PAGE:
What is cholesterol?Cholesterol is a waxy substance that occurs naturally in all parts of the body and that your body needs to function normally.
Our body uses cholesterol to produce many hormones, vitamin D, and the bile acids that help to digest fat. It takes only a small amount of cholesterol in the blood to meet these needs. However, if you have too much cholesterol in your bloodstream, it can lead to atherosclerosis, a condition in which fat and cholesterol are deposited in the walls of the arteries in many parts of the body, including the coronary arteries feeding the heart.
Cholesterol is often called the “silent killer”, because like high blood pressure, high cholesterol is not painful or even noticeable to most people.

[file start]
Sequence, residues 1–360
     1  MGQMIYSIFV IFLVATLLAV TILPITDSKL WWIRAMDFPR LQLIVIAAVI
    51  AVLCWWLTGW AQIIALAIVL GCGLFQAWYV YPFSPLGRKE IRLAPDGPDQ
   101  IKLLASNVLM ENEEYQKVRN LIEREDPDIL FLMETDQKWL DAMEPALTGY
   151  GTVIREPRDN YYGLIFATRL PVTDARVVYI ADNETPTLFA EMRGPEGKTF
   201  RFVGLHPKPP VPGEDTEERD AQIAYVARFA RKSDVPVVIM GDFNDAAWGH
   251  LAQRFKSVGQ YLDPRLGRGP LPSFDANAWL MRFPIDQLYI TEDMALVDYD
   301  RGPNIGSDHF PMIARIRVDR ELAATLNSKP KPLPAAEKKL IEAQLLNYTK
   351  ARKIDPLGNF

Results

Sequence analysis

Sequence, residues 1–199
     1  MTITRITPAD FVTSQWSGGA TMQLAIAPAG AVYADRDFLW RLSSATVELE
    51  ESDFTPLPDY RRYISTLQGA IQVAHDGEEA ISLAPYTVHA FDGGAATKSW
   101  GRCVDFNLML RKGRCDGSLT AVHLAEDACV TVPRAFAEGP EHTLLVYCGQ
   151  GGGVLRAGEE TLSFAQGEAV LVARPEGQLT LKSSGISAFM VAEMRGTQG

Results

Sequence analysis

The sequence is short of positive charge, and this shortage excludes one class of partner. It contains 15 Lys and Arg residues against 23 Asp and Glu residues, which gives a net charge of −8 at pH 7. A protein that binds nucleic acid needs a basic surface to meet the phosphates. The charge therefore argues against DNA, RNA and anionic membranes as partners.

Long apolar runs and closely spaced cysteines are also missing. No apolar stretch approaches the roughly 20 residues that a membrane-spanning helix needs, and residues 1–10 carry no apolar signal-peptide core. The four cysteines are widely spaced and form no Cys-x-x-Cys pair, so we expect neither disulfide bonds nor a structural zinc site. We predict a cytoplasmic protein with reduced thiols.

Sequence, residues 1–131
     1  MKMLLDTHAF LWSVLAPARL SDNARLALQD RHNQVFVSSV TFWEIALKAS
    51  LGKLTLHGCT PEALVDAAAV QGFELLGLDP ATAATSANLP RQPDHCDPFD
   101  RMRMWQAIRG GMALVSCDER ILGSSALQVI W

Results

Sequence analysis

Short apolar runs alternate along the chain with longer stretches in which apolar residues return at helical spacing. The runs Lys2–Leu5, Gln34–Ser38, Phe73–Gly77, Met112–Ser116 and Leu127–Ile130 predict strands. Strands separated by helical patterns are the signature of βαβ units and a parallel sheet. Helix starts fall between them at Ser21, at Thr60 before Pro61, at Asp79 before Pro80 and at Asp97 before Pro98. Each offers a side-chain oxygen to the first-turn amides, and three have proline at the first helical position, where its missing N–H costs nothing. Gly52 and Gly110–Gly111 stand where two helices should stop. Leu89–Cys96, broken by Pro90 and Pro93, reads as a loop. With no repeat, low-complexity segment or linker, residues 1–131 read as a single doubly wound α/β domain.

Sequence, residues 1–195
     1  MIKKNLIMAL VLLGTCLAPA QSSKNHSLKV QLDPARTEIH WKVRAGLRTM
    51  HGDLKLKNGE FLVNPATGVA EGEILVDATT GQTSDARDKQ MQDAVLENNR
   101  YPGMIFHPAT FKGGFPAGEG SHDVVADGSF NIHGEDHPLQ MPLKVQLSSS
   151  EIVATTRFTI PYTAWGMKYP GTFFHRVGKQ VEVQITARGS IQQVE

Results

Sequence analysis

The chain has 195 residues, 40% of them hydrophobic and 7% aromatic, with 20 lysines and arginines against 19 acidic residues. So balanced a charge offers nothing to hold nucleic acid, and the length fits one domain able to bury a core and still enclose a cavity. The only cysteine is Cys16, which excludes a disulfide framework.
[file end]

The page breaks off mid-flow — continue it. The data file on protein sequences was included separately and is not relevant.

Testing is the only way to determine a possible problem.
Total cholesterol is the sum of all cholesterol measured in a person's blood. This total includes high-density lipoprotein (HDL) cholesterol, which is sometimes called the “good cholesterol,” and low-density lipoprotein (LDL) cholesterol, sometimes called the “bad cholesterol.”
Cholesterol is measured either in milligrams per deciliter of blood (mg/dL) or in millimoles per liter of blood (mmol/L).
The ratio of total cholesterol to “good” (HDL) cholesterol is also important, especially if total cholesterol is high.